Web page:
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After Being Called A Homophobic Slur, This Man Is Taking Back The Term And Using It To Uplift And Empower Latino LGBTQ

Alberto Mendoza is a man on a mission: to build an online community for LGBTQ Latinxs. Mendoza founded the non-profit organization Honor41 to showcase the great things LGBTQ Latinxs are doing around the country in fields like journalism, activism, politics and entertainment.

The people at Honor41 are recognizing LGBTQ Latinxs living their lives out and proud while contributing to their respective fields.


“Honor41 envisions a world where Latina/o LGBTQ individuals can live their lives with honor, by being ‘out,’ with acceptance from their families and community, and fully integrated in all aspects of society,” reads the Honor41 website.

“What I knew was missing for me and what I knew was missing for a lot of [LGBTQ Latinxs] was the visibility of positive role models,” Alberto Mendoza told NBC News.


According to NBC Out, Mendoza’s decision to start Honor41 comes from the fact that LGBTQ people have very little visibility within Latinx entertainment and media, while mainstream LGBTQ media often ignores LGBTQ people of color.

The use of the number 41 has special meaning for Mendoza, who is Mexican-American, with its roots in El Baile De Los 41 or The Dance Of The 41.


In an interview with People En Español, Mendoza went more in depth about the significance of the number 41 for Mexico’s LGBTQ community.

“In Mexico, in 1901, there was a group of men in high society that were known to have these gatherings or events. They were known to be, perhaps, homosexuals. On this particular night [Nov. 18, 1901] they had a dance and there were 42 of them; half dressed as men and half dressed as women. But at one point, the cops came in, broke into the party, beat them all up then sent them to jail. But one of them was the son-in-law of then-President Porfirio Díaz, so they released him, and the remaining 41 essentially disappeared. The families either had to pay to get them out of jail and out of town, or the families did not claim them, or those who did not have money were sent to the Yucatan to work camps and essentially disappeared, never to be heard from again.”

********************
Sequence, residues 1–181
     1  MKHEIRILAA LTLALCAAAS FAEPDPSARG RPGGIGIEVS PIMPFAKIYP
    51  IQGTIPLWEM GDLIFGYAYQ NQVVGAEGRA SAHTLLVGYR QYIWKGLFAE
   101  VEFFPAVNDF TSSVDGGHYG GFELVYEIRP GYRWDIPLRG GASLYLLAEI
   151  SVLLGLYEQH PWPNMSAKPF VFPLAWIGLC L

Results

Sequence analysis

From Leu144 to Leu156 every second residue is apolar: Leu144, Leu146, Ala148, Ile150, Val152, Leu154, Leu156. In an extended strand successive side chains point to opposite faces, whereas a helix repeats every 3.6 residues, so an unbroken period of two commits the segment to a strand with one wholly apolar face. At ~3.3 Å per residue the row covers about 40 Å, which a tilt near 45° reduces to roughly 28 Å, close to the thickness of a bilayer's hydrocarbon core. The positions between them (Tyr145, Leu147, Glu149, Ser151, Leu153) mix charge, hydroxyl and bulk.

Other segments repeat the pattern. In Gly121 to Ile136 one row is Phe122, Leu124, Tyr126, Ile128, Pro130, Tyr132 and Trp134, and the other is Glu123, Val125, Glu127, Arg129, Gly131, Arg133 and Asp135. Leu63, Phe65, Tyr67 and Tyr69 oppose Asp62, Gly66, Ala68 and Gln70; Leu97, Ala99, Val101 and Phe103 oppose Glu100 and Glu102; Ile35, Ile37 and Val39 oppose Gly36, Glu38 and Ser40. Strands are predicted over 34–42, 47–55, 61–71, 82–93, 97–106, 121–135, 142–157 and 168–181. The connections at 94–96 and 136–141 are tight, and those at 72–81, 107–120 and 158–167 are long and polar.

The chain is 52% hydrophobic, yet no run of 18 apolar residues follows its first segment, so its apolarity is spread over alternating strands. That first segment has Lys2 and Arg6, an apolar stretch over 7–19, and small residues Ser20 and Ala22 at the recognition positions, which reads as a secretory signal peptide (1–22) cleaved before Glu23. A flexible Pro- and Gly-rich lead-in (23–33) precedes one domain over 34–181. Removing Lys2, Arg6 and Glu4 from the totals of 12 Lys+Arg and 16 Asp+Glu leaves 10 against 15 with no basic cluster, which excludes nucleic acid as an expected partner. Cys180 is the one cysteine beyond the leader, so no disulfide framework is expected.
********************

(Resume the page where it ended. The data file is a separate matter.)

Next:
In honor of the 41 “disappeared” LGBTQ Mexicans, Honor41 recognizes 41 prominent LGBTQ Latinxs from different backgrounds and professions.


Mendoza hopes that using the number 41 in the organization’s name will help reclaim a number that has been used as a coded homophobic slur in Mexico for more than 100 years. Mendoza told NBC Out that he was constantly plagued by the number, particularly from bullies who would chant it at him while he was in high school.

Mendoza wants for Honor41 to be a beacon of hope for LGBTQ Latinxs youths to know that they will be okay.

#honor41 group picture at #LQAFF

A photo posted by Mekahlo Medina (@mekahlo) on


“Everyone has a story, so having the opportunity to capture the stories of these amazing role models and sharing them with others is incredible,” Mendoza told The Fight magazine.

Honor41 has been around since 2013 and its members want this project to bring pride to LGBTQ Latinxs.


“The word ‘Honor’ means pride in English and Spanish,” the organization’s website reads. “By adopting 41 in our name, we take away the negative, oppressive power associated [with] the number; we educate others about this important moment in LGBTQ history; we honor their legacy; and honor our own lives and contributions to society.”

Check out this video with more information of El Baile De Los 41.


READ: This Latino Is Unapologetically Mexican And Gay

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FIERCE LGBTQ Couples Are Sharing How They Met And It’s The Sweetest Thing

Fierce

FIERCE LGBTQ Couples Are Sharing How They Met And It’s The Sweetest Thing

Charles McQuillan / Getty

As we highlight Pride month, we wanted to share beautiful stories of LGBTQ+ love. To do so, we recently asked our FIERCE readers on Instagram to tell us how they met their partners and the results were not only hilarious but deeply inspiring.

Love is love and we love this kind of love.

Check it out!

The old slide in trick.

“I slid into the DMs.” – joanacanna

On their start to being ~educated latinas~